Genocide Denial: A Form of Evil or a Type of Epistemic Injustice?
AbstractIn this paper, I bring together the philosophical scholarship on evil and the literature on “epistemic injustice” in order to assess effective vocabulary to understand the phenomenon of genocide denial. I use the term “denial” to denote the discursive political tactic that makes the evil of genocide invisible. Adi Ophir’s discussion of “two orders of evil” allows us to consider genocide denial as a form of evil. For what Ophir identifies as a second-order evil, another stream of scholarship suggests the term “epistemic injustice.” This latter literature can also be deployed effectively in treating the question of genocide denial, insofar as it provides an interdisciplinary approach rather than a strictly philosophical one. Epistemic injustice scholars focus on different types of unfair treatment in the realm of knowledge-production, and they agree that exclusion, silencing, invisibility and distorted representation are major forms of epistemic injustice. I argue that both scholarships are crucial to draw out conceptual frameworks for understanding the specific case of genocide denial. Furthermore, I think that interdisciplinary approaches informed by the social sciences are essential to map out the real life implications of the injustices that are implemented through denial.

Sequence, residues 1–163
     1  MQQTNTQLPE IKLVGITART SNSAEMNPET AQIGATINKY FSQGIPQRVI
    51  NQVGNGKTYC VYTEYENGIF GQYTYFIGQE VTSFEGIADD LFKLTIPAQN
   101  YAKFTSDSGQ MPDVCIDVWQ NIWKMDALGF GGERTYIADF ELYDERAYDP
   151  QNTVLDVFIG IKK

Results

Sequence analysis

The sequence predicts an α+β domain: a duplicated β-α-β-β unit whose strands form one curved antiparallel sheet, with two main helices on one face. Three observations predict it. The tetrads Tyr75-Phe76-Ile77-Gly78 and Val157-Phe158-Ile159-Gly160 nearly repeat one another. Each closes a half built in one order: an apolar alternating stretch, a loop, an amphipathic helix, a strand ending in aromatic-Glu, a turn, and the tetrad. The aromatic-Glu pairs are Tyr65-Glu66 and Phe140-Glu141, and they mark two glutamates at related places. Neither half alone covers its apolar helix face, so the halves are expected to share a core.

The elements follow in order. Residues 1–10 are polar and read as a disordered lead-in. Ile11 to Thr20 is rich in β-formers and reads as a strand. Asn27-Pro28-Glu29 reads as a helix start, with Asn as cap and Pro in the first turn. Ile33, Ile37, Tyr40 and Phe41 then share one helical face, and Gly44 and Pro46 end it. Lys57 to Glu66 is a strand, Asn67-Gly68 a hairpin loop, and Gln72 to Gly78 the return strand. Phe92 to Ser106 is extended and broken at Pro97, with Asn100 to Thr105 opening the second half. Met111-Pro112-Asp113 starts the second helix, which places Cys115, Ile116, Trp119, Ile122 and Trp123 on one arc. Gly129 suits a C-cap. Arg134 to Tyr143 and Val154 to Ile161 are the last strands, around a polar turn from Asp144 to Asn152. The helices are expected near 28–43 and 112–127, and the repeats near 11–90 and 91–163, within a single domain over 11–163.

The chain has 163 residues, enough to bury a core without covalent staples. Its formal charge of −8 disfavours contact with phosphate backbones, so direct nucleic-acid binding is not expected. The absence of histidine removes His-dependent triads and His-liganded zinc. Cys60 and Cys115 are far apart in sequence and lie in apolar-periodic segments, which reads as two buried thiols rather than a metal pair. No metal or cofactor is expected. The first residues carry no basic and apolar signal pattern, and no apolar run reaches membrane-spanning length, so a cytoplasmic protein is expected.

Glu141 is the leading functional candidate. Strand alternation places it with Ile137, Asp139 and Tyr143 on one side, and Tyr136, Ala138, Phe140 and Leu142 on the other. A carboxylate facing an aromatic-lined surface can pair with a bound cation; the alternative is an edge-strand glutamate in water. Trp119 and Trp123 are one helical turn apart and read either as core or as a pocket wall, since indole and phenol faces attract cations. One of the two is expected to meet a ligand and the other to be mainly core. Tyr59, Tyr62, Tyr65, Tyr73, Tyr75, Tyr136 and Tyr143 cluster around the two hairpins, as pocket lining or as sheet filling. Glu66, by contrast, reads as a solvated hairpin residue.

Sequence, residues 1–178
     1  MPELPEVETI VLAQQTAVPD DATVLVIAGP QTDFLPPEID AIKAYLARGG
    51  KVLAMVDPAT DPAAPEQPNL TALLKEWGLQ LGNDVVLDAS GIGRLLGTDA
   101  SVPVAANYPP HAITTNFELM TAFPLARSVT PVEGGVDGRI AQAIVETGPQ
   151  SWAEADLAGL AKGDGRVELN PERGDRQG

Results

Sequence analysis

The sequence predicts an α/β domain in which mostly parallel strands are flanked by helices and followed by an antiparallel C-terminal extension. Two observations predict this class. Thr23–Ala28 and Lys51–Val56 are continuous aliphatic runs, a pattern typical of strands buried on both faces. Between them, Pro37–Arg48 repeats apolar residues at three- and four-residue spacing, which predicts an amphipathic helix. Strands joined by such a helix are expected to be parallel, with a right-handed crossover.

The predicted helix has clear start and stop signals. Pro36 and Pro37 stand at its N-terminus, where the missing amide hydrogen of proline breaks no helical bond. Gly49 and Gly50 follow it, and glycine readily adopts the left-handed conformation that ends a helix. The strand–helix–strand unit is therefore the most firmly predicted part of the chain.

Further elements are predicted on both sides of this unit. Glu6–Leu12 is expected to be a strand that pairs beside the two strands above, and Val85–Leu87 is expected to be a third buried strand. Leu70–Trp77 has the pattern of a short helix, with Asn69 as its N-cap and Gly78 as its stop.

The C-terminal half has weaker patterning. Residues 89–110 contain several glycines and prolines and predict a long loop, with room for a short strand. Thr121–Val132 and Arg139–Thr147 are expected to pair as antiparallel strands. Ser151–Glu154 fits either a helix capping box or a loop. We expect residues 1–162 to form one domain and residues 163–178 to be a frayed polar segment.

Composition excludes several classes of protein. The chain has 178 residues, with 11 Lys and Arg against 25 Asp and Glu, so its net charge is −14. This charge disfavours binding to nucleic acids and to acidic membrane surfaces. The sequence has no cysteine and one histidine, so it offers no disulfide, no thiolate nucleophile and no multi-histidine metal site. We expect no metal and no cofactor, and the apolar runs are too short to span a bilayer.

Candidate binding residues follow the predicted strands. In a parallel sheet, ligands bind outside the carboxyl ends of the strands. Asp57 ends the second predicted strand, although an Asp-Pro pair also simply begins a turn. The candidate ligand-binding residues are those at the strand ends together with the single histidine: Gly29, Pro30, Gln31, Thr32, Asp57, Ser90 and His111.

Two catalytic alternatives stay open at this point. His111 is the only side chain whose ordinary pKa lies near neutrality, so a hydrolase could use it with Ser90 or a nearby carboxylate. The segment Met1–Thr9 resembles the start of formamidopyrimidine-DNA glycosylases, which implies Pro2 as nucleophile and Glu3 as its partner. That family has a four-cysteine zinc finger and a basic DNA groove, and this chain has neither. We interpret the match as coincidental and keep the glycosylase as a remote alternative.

Jul 24, 2018
How to Cite
ORANLI, Imge. Genocide Denial: A Form of Evil or a Type of Epistemic Injustice?. European Journal of Interdisciplinary Studies, [S.l.], v. 4, n. 2a, p. 45-51, july 2018. ISSN 2411-4138. Available at: <http://journals.euser.org/index.php/ejis/article/view/3547>. Date accessed: 20 nov. 2018. doi: http://dx.doi.org/10.26417/ejis.v4i2a.p45-51.
CC Attribution 4.0 International (CC BY4.0)